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Signapse blog - Doug Selway Signapse Studio

Doug Selway - Signapse Studio updates.

Signapse studio blog - immersive, joined up art experiences

Doug Selway - a visual artist working with drawing, painting and animation to create immersive multichannel art experiences. This studio blog gives you access to his sketchbooks,  journal and working methods that include techniques like sculpting, propmaking, box installations as well as oil paint and charcoal.

Signapse studio blog - immersive, joined up art experiences

Doug Selway - a visual artist working with drawing, painting and animation to create immersive multichannel art experiences. This studio blog gives you access to his sketchbooks,  journal and working methods and techniques like sculpting, propmaking, box installations as well as oil paint and charcoal.

 

Shared horizons : where to look ?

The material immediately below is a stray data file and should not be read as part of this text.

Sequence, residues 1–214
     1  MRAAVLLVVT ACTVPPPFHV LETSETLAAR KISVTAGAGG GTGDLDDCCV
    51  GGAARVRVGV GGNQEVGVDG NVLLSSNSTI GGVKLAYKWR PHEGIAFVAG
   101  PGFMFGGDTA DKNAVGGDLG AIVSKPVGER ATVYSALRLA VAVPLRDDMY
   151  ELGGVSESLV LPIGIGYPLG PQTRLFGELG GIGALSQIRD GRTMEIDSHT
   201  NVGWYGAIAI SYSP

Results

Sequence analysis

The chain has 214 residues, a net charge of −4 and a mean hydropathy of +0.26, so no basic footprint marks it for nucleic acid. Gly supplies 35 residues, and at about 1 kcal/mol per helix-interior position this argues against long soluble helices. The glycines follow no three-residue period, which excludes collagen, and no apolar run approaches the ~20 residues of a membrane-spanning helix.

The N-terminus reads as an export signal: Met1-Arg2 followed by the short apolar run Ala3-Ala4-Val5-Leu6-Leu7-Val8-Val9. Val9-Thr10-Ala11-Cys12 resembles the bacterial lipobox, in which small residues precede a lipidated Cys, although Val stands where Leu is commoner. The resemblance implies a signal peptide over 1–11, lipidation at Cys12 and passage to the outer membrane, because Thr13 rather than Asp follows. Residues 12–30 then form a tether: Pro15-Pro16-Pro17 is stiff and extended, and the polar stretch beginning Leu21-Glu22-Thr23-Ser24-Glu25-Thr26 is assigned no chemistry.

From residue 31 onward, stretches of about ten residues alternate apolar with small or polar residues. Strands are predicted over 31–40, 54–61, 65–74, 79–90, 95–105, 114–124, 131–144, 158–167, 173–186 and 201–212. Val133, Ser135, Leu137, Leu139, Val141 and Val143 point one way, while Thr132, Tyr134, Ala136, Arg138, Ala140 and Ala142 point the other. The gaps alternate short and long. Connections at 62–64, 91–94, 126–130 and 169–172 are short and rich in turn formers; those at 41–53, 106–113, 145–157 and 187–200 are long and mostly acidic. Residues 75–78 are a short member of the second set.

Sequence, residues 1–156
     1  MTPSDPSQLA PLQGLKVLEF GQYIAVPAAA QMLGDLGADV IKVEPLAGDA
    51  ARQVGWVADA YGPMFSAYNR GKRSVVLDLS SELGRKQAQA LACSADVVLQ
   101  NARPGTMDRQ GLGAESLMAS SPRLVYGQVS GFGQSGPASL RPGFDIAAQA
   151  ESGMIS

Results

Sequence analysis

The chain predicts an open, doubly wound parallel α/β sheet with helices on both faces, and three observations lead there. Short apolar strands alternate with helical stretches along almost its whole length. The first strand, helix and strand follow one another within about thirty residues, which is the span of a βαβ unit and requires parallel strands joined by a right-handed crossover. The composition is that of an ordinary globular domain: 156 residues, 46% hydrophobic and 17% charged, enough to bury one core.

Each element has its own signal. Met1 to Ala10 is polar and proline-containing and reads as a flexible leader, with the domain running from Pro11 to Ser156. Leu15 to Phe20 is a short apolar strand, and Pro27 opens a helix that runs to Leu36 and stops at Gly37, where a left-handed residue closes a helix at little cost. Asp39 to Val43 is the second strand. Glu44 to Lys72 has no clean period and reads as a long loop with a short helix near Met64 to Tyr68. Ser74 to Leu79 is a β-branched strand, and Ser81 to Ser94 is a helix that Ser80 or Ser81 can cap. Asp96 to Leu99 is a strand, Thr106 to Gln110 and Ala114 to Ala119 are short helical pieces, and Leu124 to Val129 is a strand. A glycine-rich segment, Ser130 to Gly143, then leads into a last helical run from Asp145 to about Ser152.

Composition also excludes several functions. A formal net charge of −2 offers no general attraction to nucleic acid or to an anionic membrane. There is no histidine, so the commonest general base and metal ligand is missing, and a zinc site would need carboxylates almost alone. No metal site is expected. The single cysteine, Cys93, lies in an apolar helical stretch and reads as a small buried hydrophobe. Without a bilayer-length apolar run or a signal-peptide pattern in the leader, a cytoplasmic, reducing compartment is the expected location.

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Bill Brody said something really interesting about making a landscape painting. He described two kinds of looking : with the edges of our eyes (peripheral vision), and with the centre of our gaze, which is called foveal vision.

I had to look that up too. But it's self evident to anybody who spends time looking or drawing. The centre of your gaze is sharp and log-jammed with detail while the edges are only interested in big differences of form or light or movement. Centre vision evolved for hunting, edge vision is for detecting predators. I like to use both when I am drawing, screwing up my eyes so my centre vision goes fuzzy. My friend Nigel said something wonderful about assessing a painting when you go into the studio in the morning .. "You sneak up on it and look at it out of the corner of your eye". Bill Brody was talking about how painting lets you direct the viewer's gaze by modulating descriptive detail, colour and tonality. This connects with the Italian word caminare, walking. You can be walked through a picture by colour cues - brown = foreground, through green to blue = distance. Can do this with tonality as well.

To me this is exactly what the drawn gesture is, it's a visual invitation to pay attention. I have the most trouble with the opposite though, with flat areas of tone. They often end up as just that, flat, laying over and obscuring the bones of the drawing. I REALLY want to get back into the studio .. I just need to get all the builders stuff out first :-((